The Unlikely Young Cosmopolitans of Cairo
Issue 12, Winter 2010
Commuters about to board the Cairo metro - picture by Asim Bharwani
(Note: this paper was presented at the ICA conference in Singapore 2010)
"As I come out of my modest house and walk towards the metro station to catch the underground into central Cairo, I just have to look up and I see a completely different world to my own. People my age looking chic and wearing the latest fashions step out of modern villas and hop into expensive cars, while their personal chauffeur drives them to their destination. Although our worlds are mutually exclusive, all that separates us is a wall. I'm not jealous, however, but I'm content, as I know God must have done this for a reason, and my religious faith is very strong. What upsets me the most is that although we are forced to look at such people everyday and be reminded of our own inadequacies, they hardly realize that we exist" (21-year-old lower middle class female).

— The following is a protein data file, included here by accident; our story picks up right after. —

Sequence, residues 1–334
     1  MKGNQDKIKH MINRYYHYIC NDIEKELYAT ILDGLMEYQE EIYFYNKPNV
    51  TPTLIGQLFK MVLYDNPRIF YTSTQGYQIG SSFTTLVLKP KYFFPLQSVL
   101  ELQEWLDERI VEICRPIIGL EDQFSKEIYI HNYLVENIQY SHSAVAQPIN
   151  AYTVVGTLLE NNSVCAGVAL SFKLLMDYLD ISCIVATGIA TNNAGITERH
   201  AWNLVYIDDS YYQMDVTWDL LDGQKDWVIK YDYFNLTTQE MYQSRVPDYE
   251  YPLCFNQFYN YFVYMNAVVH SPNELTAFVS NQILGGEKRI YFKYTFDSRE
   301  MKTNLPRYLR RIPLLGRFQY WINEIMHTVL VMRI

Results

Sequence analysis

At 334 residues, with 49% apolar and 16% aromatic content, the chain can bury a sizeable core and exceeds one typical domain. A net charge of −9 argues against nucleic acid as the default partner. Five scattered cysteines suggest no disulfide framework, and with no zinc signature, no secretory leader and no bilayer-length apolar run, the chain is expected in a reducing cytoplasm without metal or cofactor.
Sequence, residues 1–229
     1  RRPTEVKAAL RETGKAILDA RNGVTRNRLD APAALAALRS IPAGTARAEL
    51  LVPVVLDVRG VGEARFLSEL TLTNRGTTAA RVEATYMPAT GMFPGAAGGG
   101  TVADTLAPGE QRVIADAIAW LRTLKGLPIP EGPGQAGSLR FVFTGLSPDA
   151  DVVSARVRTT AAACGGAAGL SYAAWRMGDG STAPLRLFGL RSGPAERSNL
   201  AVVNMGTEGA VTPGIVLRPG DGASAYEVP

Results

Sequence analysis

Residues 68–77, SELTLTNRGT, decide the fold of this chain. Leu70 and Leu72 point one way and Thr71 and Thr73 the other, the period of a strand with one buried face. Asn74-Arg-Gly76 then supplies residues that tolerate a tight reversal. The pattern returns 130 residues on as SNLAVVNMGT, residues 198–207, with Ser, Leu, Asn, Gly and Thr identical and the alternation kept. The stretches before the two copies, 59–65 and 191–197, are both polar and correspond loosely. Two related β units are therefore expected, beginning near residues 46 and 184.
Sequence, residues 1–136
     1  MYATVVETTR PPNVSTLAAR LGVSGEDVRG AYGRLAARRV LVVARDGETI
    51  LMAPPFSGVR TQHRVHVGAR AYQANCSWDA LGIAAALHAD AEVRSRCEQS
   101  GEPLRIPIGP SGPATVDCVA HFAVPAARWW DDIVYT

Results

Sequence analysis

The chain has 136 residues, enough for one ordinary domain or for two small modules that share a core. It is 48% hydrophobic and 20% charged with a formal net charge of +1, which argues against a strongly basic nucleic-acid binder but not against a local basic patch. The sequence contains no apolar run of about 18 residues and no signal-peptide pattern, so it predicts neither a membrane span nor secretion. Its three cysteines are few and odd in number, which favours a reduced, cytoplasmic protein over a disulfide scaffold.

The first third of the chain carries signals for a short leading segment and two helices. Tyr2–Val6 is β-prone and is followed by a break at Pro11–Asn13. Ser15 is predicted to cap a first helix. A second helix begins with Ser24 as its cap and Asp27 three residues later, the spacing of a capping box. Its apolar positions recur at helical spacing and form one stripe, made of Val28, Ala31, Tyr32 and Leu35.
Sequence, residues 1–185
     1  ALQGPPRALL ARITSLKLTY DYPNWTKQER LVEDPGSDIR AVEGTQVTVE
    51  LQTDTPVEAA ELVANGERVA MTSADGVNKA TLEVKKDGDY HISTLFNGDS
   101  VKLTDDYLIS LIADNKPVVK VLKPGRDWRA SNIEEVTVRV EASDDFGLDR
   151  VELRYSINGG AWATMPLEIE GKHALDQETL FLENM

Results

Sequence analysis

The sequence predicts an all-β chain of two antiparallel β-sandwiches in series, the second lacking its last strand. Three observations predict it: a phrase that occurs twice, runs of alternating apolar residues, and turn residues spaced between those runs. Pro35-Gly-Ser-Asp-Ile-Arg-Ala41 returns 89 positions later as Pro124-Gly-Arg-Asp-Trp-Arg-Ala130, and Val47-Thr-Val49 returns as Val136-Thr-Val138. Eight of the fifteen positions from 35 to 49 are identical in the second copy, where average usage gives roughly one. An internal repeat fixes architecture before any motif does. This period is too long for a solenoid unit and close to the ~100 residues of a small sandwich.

Cairo, a divided city home to many numerous worlds within, is part of the global condition which characterizes cities of the developing South. While a new network of 'global spaces' (Oncu & Weyland, 1997: 1) occupied by five-star hotels, multinational companies and world-class shopping malls has invaded its metropolitan life, beyond the sleek facade of Cairo's urban skylines, an altogether different story subsists. Although its modern 'global spaces' have become zones of "first world" sophistication and global belonging for some, for the vast majority, they are unattainable zones of exclusion and segregation which bar them from taking part in these acts of belonging. Thus, Cairo looked at from ‘below’ reveals a gloomier yet increasingly more dynamic and unpredictable narrative of struggle: a daily struggle for space, identity and recognition. Such juxtapositions and inconsistencies, characteristic of contemporary cosmopolitan cities, have become a backdrop against which fresh possibilities for new and unusual forms of imagination and belonging are constantly being created and re-created. By understanding cosmopolitanism not as westernization, but as a form of internal heterogeneity, where through personal strategies and performance we incorporate the global into our own local repertoires, this paper is arguing that it is lower middle class Egyptian youth who are more deserving of the cosmopolitan label owing to their ability to undergo a careful and inclusive negotiation between alternative cultural repertoires. It is important to note that in the Egyptian context, the lower middle class have many characteristics that the west would associate with the working class. Most of my participants in this category come from families where the parents work in badly paid government institutions, and have an average family income of $290 per month. Although they place a strong emphasis on university education, they tend to end up in some of the lowest paid jobs due to their lack of language and global cultural skills. Nevertheless, through an intricate integration of Islamic discourse and Islamic media into their daily social practices, members of the lower middle class are engaged in the production of dynamic cosmopolitan imaginations that draw from both a global and local cultural stockpile. This is a contrast to upper middle class youth who are forging for themselves more exclusive identities based solely on what they perceive to be "first-world" superiority and western modernity, while distancing themselves from what they regard as the vulgarity and tastelessness of the local.